Obviously, the great David Lynch is isn't exactly known for depicting humanity and subtlety, even in some of his greatest films (Eraserhead, Blue Velvet, Mullholland Dr., etc), but when he actually does, he does do it well. This is the case with his strange and savagely humanistic 1980 biopic The Elephant Man, which touches upon themes that he wouldn't explore again until The Straight Story (1999).
Based on a true story, the film centers on John Merrick, a deformed Briton who was discovered at a circus as the sideshow attraction by a compassionate doctor, Frederick Treves, during the 19th century. Despite his physical disfigurements, he was revealed to be a highly intelligent and benevolent individual, one who wanted to escape the hellish labels such as "an animal" and a "freak" that was placed on him. He eventually became a beloved member of society who relished in the arts and lived his life to the fullest until his death in 1890.
Shot by legendary cinematographer Freddie Francis, the film creates a dreamlike portrait of acceptance during a time of great pain. It also contains a heartbreaking and iconic performance by the late, great John Hurt, and equally unforgettable roles for Sir Anthony Hopkins as Treves, and Freddie Jones as Mr. Bytes (the evil ringmaster of the circus), as well as Anne Bancroft, Dame Wendy Hiller, Hannah Gordon, and Sir John Gieglud.
This may not be one of Lynch's most popular films, but it is one of great depth, emotion, and incredible vitality. It's also a testament to Lynch's unique gifts and versatility as a filmmaker. The folks at Criterion definitely understood the film's brilliance by providing a new 4K restoration and amazing supplements such as Lynch and critic Kristine McKenna reading from Room to Dream, a 2018 book they coauthored; archival interviews with Lynch, actor John Hurt, producers Mel Brooks and Jonathan Sanger, director of photography Freddie Francis, stills photographer Frank Connor, and makeup artist Christopher Tucker; 1981 audio interview/Q&A with Lynch at the American Film Institute; The Terrible Elephant Man Revealed, a documentary about the film from 2001; Joseph Merrick: The Real Elephant Man, a program featuring archivist Jonathan Evans from 2005; and trailer/radio spots. The digipak also includes a new booklet with excerpts from an interview with Lynch from the 2005 edition of filmmaker and writer Chris Rodley’s book Lynch on Lynch, and an 1886 letter to the editor of the London Times concerning Merrick, by Francis Culling Carr Gomm, chairman of the London Hospital that Merrick was living in at the time of his death.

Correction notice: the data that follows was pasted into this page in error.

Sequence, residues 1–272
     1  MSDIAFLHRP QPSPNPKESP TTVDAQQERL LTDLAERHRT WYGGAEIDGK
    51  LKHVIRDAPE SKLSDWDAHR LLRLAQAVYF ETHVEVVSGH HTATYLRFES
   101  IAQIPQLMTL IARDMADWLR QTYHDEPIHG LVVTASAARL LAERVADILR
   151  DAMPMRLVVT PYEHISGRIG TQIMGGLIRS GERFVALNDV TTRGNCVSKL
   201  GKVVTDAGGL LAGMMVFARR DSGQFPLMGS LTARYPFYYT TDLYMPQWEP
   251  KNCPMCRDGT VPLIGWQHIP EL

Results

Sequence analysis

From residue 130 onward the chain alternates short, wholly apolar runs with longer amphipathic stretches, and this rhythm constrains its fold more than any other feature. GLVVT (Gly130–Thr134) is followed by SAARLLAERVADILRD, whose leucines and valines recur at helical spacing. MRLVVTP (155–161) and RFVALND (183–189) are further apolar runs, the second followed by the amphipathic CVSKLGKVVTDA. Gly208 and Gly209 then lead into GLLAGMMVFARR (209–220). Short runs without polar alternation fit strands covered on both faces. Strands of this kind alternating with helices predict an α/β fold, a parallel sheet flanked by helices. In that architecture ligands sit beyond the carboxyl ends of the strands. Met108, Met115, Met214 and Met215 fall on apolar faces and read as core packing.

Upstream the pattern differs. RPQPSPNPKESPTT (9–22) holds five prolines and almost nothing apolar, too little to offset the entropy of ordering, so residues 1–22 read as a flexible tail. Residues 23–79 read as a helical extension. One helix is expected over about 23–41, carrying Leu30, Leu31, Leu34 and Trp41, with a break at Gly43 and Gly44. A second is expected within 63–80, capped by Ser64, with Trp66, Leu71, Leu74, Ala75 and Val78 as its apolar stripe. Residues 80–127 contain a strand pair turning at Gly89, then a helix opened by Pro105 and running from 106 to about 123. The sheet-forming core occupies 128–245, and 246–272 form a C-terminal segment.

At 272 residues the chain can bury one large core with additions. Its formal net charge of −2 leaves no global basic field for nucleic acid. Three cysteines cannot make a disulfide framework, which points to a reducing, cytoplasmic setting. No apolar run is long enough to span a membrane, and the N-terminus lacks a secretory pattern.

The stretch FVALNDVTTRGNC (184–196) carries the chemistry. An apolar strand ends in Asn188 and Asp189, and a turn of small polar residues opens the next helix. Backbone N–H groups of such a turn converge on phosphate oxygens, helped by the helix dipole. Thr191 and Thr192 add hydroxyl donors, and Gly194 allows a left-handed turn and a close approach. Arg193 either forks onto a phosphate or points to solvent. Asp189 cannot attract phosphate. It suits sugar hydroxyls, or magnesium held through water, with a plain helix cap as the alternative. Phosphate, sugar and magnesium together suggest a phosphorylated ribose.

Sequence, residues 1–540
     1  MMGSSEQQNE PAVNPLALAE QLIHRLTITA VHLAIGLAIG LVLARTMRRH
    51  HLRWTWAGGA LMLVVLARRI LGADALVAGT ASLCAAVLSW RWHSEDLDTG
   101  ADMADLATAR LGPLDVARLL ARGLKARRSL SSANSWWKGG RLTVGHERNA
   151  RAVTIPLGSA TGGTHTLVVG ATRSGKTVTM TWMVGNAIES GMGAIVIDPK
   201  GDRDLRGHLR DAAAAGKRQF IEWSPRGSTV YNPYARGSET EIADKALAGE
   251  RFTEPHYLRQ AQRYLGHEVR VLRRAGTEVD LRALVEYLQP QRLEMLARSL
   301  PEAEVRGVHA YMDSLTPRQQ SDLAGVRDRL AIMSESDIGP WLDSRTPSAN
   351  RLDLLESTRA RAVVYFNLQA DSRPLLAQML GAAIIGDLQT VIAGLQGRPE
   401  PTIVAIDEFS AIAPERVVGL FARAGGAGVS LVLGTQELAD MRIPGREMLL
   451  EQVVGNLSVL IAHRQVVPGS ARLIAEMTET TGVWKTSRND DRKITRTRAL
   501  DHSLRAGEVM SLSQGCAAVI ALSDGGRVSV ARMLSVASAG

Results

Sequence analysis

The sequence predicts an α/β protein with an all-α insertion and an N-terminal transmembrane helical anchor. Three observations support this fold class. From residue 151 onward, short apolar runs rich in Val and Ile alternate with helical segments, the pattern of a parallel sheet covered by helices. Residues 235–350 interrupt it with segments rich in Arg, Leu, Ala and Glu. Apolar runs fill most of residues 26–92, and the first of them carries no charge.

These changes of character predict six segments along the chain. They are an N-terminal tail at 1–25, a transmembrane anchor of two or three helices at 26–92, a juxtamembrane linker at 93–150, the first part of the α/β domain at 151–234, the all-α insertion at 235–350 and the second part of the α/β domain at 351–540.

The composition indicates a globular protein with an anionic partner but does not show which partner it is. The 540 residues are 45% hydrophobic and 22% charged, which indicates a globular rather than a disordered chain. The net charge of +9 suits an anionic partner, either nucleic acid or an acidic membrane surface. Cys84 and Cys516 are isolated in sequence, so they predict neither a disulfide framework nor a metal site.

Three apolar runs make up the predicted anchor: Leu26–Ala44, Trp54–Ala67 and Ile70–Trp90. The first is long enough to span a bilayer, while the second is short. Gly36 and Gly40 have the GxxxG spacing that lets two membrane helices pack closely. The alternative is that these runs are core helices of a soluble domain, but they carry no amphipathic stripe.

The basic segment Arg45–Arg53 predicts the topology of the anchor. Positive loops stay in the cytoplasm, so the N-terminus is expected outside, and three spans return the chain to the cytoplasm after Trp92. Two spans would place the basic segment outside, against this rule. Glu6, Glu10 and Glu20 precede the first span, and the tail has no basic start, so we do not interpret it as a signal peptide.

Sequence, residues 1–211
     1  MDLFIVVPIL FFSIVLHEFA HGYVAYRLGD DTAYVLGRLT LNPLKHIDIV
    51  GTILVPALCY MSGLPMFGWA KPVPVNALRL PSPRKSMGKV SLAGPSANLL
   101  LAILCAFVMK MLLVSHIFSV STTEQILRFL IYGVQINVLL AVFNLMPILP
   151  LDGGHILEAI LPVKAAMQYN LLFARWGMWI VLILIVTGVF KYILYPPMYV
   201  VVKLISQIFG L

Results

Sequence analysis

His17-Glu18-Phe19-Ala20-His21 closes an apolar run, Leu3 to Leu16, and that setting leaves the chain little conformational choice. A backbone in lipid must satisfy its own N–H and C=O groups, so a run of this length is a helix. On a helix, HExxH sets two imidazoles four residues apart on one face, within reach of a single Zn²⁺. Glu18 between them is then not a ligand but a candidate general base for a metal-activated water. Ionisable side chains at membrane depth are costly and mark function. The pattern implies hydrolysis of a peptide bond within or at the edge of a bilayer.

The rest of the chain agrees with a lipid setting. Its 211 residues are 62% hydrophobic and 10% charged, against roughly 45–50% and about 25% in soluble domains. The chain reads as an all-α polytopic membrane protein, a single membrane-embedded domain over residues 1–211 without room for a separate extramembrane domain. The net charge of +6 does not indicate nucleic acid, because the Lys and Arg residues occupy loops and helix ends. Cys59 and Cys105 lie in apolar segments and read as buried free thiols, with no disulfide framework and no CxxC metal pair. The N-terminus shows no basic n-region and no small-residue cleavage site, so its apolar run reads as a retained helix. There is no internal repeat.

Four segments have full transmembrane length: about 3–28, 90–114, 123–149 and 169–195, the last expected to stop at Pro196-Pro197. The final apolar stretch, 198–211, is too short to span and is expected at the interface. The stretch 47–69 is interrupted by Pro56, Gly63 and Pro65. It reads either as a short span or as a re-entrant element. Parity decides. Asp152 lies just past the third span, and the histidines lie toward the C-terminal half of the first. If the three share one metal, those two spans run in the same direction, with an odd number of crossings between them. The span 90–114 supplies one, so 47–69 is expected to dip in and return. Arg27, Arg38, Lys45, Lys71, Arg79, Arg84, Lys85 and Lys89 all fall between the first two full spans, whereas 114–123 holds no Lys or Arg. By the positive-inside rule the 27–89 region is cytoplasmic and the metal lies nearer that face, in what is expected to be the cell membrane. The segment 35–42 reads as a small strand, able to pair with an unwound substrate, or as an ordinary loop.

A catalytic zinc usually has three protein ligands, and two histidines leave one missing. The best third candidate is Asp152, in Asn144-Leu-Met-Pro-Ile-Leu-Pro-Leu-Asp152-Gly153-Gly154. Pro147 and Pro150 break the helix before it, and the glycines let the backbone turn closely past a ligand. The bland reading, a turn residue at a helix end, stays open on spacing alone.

Of course, I 100% recommend this classic film! It should definitely make a great addition to anyone's collection and perhaps make it on a top-ten list of best Blu-ray releases of the year.
Martin Scorsese's World Cinema Project, Volume 3 (Criterion): A new box set featuring more undiscovered and over-looked gems of world cinema history restored by Scorsese's Film Foundation. Includes Pixote, Lucía, After the Curfew, Downpour, Soleil Ô, and Dos monjes.
Variety (Kino): A provocative and unsettling work from filmmaker Bette Gordon about a woman who becomes obsessed with sexuality and pornography after getting a job as a ticket seller for a porn theater in New York. Read my review.
Momma's Man (Kino): A quiet and honest independent film about a man who has a change of heart towards his life a husband and father after an imposed stay at his parents' Manhattan loft.
Alphabet City: A 1984 crime drama about a New York City drug dealer who decides to get out the business, but finds that easier said than done when he's fleeing from mobsters.
Love Me Tonight (Kino): A charming and hilarious musical starring Maurice Chevailer as a French tailor who travels to a castle to collect payment on long overdue bills. He falls in love with a princess, and this causes him to deal with a series of funny mishaps in order to not risk being found out and losing her in the process.